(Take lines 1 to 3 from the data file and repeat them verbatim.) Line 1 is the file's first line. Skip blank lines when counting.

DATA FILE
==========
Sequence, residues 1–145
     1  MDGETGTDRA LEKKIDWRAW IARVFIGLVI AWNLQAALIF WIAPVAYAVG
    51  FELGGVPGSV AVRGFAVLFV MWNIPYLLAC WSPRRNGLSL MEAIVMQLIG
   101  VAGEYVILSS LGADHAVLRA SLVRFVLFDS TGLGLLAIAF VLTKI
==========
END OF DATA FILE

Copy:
Sequence, residues 1–145
     1  MDGETGTDRA LEKKIDWRAW IARVFIGLVI AWNLQAALIF WIAPVAYAVG
    51  FELGGVPGSV AVRGFAVLFV MWNIPYLLAC WSPRRNGLSL MEAIVMQLIG